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Salvation: A Short Scene

This article is written by a student writer from the Her Campus at Gustavus chapter.

And so the party, long worn and tremendously weary,

Set out quietly into what remained

Of the old countryside. Through the blurry screens of their sleep-encrusted eyes

The moor loomed uncertainly — dull, dark, and impenetrably vast.

The sky above lay pigment-thick, all traces of night’s blue

Muffled in steely gray, the faintest possibility of light

Completely obliterated, as on those long, dreary January nights

Marked by incessant snowfall. Even their footsteps fell

Soft and soundless, sinking into the damp

Earth as they rustled through unseen grasses and shook off the clinging

Fingers of thorny underbrush from their boots. If you thought

About it in the right way, the night was almost pretty, almost touching —

Gorgeous, even, in the wild fear of its wide eyes. It looked just like a child.

Somewhere beyond the old fencepost, the wind got all the stars to join in howling

At each other. It had been ages since they hadn’t cried themselves

To sleep. Branches scraggled and whapped at their pantlegs, at the songs of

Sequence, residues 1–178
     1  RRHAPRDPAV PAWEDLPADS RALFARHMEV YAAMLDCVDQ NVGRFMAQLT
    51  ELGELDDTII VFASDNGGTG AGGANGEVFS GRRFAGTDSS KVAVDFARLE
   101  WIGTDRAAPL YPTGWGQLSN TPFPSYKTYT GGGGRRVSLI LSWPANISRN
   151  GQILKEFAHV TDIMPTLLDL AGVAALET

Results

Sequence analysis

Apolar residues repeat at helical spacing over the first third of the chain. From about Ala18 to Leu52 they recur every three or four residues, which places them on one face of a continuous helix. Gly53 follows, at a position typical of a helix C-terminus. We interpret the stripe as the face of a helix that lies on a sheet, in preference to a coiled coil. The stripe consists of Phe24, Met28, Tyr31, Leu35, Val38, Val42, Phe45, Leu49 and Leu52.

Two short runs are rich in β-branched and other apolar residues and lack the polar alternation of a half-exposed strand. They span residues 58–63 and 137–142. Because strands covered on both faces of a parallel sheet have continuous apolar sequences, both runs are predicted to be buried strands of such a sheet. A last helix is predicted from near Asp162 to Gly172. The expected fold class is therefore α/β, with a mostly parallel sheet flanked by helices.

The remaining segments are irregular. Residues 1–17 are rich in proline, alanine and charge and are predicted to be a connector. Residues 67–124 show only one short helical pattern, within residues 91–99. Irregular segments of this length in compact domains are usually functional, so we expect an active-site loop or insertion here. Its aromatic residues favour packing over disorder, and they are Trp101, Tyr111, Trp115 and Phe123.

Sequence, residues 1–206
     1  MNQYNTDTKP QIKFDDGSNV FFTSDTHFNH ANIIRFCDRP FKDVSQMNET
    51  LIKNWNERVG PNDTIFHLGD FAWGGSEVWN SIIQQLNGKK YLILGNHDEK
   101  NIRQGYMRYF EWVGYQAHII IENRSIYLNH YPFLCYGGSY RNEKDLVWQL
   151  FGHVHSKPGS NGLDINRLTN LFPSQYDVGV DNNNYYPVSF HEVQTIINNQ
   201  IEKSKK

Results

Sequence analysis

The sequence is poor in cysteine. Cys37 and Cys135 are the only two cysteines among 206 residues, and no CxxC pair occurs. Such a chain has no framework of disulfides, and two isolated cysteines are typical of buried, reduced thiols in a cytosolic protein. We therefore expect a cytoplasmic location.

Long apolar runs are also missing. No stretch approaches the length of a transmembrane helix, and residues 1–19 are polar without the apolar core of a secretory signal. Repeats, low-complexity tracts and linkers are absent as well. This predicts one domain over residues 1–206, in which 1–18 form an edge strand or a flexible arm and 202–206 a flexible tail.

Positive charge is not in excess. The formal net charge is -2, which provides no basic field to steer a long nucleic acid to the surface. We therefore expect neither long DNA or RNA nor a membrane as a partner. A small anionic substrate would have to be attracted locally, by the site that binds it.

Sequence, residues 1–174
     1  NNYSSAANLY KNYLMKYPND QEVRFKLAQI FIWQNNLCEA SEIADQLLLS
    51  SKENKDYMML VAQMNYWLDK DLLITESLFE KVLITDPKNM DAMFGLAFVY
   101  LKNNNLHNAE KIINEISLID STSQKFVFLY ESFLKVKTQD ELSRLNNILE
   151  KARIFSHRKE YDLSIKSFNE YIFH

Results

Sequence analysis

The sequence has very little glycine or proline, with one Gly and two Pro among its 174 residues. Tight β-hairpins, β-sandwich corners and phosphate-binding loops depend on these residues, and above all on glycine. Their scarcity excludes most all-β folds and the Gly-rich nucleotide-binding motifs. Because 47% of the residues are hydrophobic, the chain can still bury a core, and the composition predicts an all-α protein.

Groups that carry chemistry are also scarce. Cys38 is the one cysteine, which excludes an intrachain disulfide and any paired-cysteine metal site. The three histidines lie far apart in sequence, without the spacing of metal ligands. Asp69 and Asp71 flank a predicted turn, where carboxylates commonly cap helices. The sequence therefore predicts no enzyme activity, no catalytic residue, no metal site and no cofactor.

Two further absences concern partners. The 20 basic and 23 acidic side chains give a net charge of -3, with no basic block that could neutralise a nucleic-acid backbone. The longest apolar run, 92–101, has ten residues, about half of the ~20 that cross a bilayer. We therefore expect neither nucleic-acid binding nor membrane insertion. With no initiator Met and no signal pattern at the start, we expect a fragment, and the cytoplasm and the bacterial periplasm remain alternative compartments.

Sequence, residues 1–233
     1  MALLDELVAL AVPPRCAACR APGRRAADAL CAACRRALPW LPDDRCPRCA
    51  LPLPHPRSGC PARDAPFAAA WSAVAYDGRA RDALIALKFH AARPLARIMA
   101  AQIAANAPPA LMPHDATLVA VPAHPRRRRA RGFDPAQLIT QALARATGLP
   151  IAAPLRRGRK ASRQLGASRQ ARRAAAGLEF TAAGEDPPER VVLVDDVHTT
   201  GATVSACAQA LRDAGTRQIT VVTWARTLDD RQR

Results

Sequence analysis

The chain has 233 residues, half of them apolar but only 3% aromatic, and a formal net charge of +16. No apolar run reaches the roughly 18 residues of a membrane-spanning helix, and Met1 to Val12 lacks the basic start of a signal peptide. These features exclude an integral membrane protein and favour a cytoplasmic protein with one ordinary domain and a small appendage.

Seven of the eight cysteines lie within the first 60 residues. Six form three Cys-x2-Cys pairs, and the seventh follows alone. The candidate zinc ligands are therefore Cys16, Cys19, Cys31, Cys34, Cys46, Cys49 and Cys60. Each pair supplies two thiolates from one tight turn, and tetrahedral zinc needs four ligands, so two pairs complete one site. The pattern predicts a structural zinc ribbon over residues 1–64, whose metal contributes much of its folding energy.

The crickets — the crickets choked up startled at rabbit feet thumping softly

In the weeds — the rabbits hid while the moths flickered their wings

Like the few feeble stars that still managed to shine out through the smog.

They had nearly forgotten what this sort of silence sounded like.

It was so rare these days, so lost behind the roar of

Bursting shells and broken glass and screaming, hate-filled eyes.

So sad and fragile and moon-soft. They did not break it, marching single file through the dark. Broken bones, broken promises, broken people, broken spirits — they were so very tired of the sound of breaking. They would not break this.

One by one, rustling through the underbrush and the purple shrubs,

They picked their way across the field and hillocks

Deeper into the abandoned wastes of the moor before them,

Shoulders burdened but hearts fortified, at least for the time being. It was too dark

To see the blood on the ground, or even their own weary bones and purple-lidded eyes,

But still they looked up at the stars — silent and wrinkled and gold — still they listened to the silence — unbroken and silver and cold — and dared to hope.

Salvation lay ahead, somewhere along that long and weary road,

And it had only to be believed in.